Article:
Anyone who has been to college and lived in the dorms will tell you that after a year with a bad roommate, any college student would be happy to rent a property away from campus with their friends. This is a great alternative for college students who may find that housing is cheaper and they get more for their money, like a living room, kitchen, and yard. That being said, landlords tend to get scared when they get a phone call from a group of college kids looking for a tour of the property. As with any tenants, there are risks and benefits. At Gavish Property Management, we weighed the pros and cons of renting to college students so you don’t have to.
Before we get into it, let’s look at what most college students really want in a rental. You’ll find that there are some aspects that you can use to your advantage right off the bat.
College and University course work is pretty much a full-time job for most college students. College students tend to not work very much as a result. Consequently, they aren’t too keen on spending what income they do make on commuting to school.
As mentioned, college students may not work very much due to their course load. This means that rent will need to be affordable. This also means that the rental doesn’t need to have luxury upgrades and amenities that a family would care about.
College Housing Is Always in High Demand – The good thing about renting to college students is that student housing is in high demand. When dorms fill up, the waitlisted students tend to look for an apartment, townhouse, or home to rent for the year.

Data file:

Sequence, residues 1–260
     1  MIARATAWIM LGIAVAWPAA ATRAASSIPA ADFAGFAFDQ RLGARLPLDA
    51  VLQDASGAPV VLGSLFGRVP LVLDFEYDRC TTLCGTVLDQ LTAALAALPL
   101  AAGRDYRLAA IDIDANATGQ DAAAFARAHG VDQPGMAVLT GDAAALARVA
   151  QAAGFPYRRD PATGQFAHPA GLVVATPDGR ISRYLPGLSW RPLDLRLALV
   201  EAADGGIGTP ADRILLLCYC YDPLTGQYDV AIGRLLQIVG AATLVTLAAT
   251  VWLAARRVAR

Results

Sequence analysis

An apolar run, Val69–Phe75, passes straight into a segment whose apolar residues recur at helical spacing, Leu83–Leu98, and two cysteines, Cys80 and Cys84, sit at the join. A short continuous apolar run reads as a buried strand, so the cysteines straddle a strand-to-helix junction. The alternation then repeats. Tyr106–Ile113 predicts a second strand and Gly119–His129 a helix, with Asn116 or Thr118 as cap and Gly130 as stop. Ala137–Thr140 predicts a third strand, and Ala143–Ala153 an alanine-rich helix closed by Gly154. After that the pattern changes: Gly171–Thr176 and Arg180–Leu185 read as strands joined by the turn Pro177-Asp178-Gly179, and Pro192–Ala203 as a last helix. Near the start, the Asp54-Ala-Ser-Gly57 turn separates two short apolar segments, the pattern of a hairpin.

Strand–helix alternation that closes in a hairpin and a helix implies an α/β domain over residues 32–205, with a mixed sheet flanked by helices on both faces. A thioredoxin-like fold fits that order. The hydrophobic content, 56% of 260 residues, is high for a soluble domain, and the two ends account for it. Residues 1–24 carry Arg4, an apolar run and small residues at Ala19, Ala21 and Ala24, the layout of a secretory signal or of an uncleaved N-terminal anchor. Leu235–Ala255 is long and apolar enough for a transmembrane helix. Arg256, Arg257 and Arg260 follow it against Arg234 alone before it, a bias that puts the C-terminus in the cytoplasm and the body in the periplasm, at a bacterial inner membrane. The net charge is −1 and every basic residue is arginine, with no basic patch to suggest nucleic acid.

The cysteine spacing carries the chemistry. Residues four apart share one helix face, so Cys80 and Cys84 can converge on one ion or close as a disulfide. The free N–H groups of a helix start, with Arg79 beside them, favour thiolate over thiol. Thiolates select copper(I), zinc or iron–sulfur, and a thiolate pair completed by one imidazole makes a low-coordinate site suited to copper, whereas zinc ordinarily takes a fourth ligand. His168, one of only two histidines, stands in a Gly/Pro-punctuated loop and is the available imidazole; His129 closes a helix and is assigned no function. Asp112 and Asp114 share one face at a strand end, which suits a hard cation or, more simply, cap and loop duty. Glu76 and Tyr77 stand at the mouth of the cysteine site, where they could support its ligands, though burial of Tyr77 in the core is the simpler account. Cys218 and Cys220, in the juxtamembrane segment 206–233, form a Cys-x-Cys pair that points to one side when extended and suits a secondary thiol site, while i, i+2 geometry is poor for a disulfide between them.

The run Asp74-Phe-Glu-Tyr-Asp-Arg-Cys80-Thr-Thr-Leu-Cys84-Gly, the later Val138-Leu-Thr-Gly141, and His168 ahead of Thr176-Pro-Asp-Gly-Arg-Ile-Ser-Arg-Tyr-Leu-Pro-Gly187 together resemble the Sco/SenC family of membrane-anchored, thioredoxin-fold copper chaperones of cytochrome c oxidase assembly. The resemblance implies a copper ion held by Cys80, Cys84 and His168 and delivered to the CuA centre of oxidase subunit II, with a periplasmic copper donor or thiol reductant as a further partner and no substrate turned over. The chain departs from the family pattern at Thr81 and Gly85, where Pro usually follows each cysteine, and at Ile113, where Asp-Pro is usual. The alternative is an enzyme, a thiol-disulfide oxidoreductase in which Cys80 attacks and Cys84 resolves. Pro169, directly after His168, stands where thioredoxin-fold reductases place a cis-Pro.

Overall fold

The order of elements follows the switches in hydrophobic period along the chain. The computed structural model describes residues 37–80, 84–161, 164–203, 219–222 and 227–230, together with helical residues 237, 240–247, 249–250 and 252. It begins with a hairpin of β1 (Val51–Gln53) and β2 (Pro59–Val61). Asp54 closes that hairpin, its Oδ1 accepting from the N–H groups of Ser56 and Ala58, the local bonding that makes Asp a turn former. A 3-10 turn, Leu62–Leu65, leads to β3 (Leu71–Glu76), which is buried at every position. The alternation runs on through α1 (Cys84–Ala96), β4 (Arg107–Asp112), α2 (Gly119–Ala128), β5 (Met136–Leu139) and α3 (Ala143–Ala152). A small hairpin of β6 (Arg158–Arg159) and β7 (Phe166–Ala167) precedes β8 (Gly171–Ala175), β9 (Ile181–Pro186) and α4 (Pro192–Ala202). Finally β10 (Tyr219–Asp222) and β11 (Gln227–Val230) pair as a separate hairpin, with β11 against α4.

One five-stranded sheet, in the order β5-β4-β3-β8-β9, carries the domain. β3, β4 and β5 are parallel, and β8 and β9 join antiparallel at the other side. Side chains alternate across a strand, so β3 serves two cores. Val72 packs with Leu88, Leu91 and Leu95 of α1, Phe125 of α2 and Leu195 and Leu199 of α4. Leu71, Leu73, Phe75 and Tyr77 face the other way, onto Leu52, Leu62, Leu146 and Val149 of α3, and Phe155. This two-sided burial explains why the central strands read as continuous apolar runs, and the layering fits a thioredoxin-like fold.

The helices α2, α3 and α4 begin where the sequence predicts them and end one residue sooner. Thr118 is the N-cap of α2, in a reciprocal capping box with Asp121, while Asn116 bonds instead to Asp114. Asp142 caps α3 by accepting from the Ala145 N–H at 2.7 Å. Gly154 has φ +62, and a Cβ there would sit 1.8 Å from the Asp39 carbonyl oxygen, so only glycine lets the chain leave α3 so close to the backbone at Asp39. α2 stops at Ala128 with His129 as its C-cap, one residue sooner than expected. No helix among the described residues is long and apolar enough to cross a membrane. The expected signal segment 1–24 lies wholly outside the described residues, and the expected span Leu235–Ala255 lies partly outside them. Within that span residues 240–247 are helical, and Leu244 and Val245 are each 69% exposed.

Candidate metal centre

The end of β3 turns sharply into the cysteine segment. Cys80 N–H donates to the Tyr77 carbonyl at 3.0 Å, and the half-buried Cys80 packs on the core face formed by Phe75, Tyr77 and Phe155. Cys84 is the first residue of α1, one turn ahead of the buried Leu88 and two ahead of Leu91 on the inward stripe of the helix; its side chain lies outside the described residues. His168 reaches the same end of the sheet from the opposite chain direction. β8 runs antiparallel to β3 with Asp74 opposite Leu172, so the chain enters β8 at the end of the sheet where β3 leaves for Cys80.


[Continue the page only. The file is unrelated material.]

Roommates – The benefit of renting to tenants with roommates is that you can charge higher rent while not burdening the tenants with a higher rent. For example, four people each paying $500 a month is less burdensome than one individual paying $1,500 on their own.
Parents Financial Support – This is a pro and con, but mostly a pro. College students tend to have no rental history or credit when they are starting out. What they do have are parents who can cosign a lease or cover their rent entirely.
No Credit or Rental History – Especially when they are 18 and 19, college students are just starting out and their credit and rental history might reflect that. The good news is that parents tend to step in and help out where they can.
Noise Complaints – Remember being in college and staying up late every weekend, getting really loud, and dare I say… throwing parties? Well, it still happens and unless you get lucky, your tenants will get a few noise complaints called in on them. This is something that you need to consider especially if your home is in an HOA or gated community and you as the owner may be on the hook for these.
So the verdict? Should you really be as afraid of renting to college students as many landlords are?
The short answer is no, of course not. College students can make up a significant amount of the tenants that you will encounter, especially if your property is located near a college campus. While they are young and only starting out, you can ask that they have a cosigner on the lease who is more responsible and who you can trust will be accountable for their child.